Architect of #NPPF calls ‘Duty to Cooperate’ ‘Duty to Cave in’

John Howells MP here

Many developers have seen the NPPF as having 5 years to bed in. If so, it is already doing well. But to do this fully, more needs to be made of the duty to co-operate without it becoming a duty to cave–in.

Does this mean. Like Eric Pickles calling the application of the duty, ‘terrorism’, they are having second thoughts? Of course the duty is not a duty to agree and providing an LPA can agree a framework with the overspilling LPA on how to choose the most sustinable sites it need not mean automatcially taking overpill need.

He also said

Rather than become a millstone round the necks of local planners, the NPPF has been embraced as the framework it was always intended to be.

Embraced in the sense of losing appeals and losing teh funding for your job ues, embraced with enthusiasm no.  After all plan production has slowed and plan adoption almnost to a halt.  John Howells is delusional the planning system is far more confrontational with far more central intervention than it ever was.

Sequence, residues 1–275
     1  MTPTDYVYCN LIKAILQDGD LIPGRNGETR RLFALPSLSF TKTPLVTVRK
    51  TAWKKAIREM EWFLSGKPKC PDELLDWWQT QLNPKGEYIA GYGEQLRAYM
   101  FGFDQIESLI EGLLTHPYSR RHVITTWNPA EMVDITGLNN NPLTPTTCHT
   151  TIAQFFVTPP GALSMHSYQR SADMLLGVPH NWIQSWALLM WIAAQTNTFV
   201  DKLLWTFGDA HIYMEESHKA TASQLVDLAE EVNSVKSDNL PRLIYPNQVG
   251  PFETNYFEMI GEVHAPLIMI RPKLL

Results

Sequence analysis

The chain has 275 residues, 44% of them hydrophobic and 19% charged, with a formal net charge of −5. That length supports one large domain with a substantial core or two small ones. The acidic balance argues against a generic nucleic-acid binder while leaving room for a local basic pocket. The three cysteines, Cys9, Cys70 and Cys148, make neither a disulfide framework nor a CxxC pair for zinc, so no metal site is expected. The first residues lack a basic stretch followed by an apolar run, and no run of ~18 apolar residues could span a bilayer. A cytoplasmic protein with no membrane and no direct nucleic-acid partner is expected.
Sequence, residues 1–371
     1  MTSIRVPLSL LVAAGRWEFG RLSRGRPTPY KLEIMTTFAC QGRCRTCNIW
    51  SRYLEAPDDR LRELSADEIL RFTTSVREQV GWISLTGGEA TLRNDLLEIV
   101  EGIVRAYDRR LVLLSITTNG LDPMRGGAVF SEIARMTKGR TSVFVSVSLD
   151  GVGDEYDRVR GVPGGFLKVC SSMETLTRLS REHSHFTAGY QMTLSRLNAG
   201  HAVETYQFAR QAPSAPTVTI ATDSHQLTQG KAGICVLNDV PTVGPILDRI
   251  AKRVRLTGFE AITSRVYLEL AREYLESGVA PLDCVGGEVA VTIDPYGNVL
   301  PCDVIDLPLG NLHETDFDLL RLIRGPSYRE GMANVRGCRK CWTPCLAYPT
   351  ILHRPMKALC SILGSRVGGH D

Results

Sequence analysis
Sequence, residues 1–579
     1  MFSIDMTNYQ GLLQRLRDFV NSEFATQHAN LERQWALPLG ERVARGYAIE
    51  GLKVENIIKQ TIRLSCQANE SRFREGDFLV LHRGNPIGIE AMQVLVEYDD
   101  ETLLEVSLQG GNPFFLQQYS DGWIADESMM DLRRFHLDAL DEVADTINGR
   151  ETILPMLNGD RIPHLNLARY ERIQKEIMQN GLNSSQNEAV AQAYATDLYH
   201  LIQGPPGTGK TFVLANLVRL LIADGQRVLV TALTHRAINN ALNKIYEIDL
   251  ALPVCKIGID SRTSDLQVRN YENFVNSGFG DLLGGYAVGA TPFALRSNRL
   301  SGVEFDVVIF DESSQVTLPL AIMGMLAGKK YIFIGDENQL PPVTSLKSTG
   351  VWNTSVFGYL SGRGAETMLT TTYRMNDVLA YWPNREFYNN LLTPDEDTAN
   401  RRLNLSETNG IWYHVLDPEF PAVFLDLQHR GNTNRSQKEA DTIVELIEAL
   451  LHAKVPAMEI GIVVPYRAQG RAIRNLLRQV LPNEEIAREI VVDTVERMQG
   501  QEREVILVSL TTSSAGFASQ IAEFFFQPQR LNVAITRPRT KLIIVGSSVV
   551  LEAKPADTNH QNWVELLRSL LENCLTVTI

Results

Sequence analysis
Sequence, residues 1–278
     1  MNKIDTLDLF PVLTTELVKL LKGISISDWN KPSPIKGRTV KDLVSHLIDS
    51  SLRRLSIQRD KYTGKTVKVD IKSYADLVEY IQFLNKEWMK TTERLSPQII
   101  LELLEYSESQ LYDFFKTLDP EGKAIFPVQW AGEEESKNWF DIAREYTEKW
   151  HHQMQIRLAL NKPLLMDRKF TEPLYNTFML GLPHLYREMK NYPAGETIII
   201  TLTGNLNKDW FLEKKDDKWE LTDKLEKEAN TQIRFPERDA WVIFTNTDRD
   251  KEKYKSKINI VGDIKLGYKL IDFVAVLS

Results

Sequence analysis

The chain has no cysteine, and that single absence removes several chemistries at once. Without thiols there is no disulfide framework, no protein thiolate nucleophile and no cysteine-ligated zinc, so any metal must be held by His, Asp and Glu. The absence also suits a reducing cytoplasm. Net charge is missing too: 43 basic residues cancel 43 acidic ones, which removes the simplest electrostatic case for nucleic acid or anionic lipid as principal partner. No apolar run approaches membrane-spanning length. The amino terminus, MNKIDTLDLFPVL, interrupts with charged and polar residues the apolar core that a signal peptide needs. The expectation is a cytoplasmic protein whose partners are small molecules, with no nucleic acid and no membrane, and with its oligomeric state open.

2 thoughts on “Architect of #NPPF calls ‘Duty to Cooperate’ ‘Duty to Cave in’

  1. There is new data on local plan adoption on the PINS section of the planning portal now, which shows that the impact of the NPPF has been much less dramatic than your blog suggests. Rather than looking at how many plans submitted during 2013 were also adopted during 2013 as your earlier post suggested (a very high bar to cross for most of those, with 9 months between submission and adoption even with a fair wind) I have looked at how many plans have been adopted each year from 2006. The analysis is limited to “strategic” plans (ie local plans/core strategies). The figures are 2006:1 2007:13 2008:21 2009:18 2010:23 2011:50 2012:32 2013:21 which show a gradual rise to a peak in 2011 and then a gradual drop off after that. I take this to show the initial difficulties of the LDF system being worked out by LPAs, and then the inevitable slow-down associated with significant national policy changes. The NPPF /duty to cooperate has had an impact, but local plan adoption hasn’t screeched to a halt by any means.

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